China seeking Dutch space technology -military intelligence agency

China seeking Dutch space technology -military intelligence agency

AMSTERDAM (Reuters) – China is seeking to acquire equipment and knowledge in the Dutch space sector, sometimes in circumvention of export restrictions, the Netherlands’ military intelligence agency said on Wednesday.

The agency, known by its Dutch acronym MIVD, said in its 2022 annual report that its analysis “shows the Chinese satellite launch capacity will increase further in the coming years to 100 launches per year”.

There have been “various Chinese attempts to acquire military-relevant technology outside the export restrictions. In doing so, the MIVD discovered, among other things, a number of cover companies that were used for this purpose”, it said.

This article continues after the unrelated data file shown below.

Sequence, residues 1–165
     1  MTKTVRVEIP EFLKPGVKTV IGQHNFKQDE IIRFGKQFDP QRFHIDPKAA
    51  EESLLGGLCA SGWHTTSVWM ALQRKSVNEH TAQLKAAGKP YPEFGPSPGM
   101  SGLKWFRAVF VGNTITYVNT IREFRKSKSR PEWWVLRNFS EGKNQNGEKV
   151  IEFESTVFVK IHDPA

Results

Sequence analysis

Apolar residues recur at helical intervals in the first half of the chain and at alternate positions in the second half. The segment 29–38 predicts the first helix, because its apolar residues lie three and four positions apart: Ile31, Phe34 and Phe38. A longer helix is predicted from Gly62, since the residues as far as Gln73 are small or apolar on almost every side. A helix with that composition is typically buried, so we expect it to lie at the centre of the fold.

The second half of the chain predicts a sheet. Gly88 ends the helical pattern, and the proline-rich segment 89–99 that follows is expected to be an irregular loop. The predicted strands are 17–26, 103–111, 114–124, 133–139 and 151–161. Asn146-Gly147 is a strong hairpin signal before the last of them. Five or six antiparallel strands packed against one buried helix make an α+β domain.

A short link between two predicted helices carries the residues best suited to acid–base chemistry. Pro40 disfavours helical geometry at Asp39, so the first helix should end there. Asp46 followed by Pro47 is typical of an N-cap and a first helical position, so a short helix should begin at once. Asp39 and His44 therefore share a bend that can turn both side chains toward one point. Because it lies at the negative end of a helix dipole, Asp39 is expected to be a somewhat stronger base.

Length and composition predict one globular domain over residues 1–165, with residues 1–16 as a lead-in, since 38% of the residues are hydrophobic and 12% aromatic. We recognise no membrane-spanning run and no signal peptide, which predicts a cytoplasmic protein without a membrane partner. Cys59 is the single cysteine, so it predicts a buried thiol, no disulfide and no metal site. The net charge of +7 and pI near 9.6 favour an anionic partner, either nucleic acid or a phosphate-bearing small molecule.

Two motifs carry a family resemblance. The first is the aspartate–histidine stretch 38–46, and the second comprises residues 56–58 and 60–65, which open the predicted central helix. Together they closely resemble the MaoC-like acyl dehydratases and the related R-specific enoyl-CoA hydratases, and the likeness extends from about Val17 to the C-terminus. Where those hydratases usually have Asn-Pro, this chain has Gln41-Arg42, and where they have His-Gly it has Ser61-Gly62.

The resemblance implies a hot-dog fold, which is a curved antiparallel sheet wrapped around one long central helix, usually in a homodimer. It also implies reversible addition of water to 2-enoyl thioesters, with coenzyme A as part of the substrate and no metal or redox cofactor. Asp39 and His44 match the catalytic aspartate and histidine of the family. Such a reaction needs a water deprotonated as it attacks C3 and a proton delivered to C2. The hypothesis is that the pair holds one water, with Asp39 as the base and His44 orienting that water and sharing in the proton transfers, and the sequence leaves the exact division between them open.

China’s embassy in the Netherlands did not immediately respond to a Reuters request for comment.

China has long insisted that its space programme is for peaceful purposes and that it opposes any form of arms race in space. But at the same time, Beijing says its space programme must help protect China’s national security. China also aims to be a major space power by 2030. 

MIVD chief Jan Swillers said in the agency’s report that China was specifically seeking “launchers with intelligence, surveillance, reconnaissance (ISR) and communication satellites”.

The Chinese want to become a leader in space by developing state-of-the-art quantum communication networks with global coverage, the report said.

The MIVD’s partner agency, the Dutch general intelligence agency AIVD, said on Monday that China posed “the greatest threat to Dutch economic security”.

In response, China’s foreign ministry urged Western officials to abandon what it called a Cold War mentality and stop hyping up the “China threat” narrative.

Beijing’s embassy in the Netherlands rejected the AIVD’s remarks, saying accusations Chinese firms were spying were false and that they instead followed Dutch laws and regulations.

The MIVD’s report said it had taken security measures where possible to safeguard against spying and hacking attempts.


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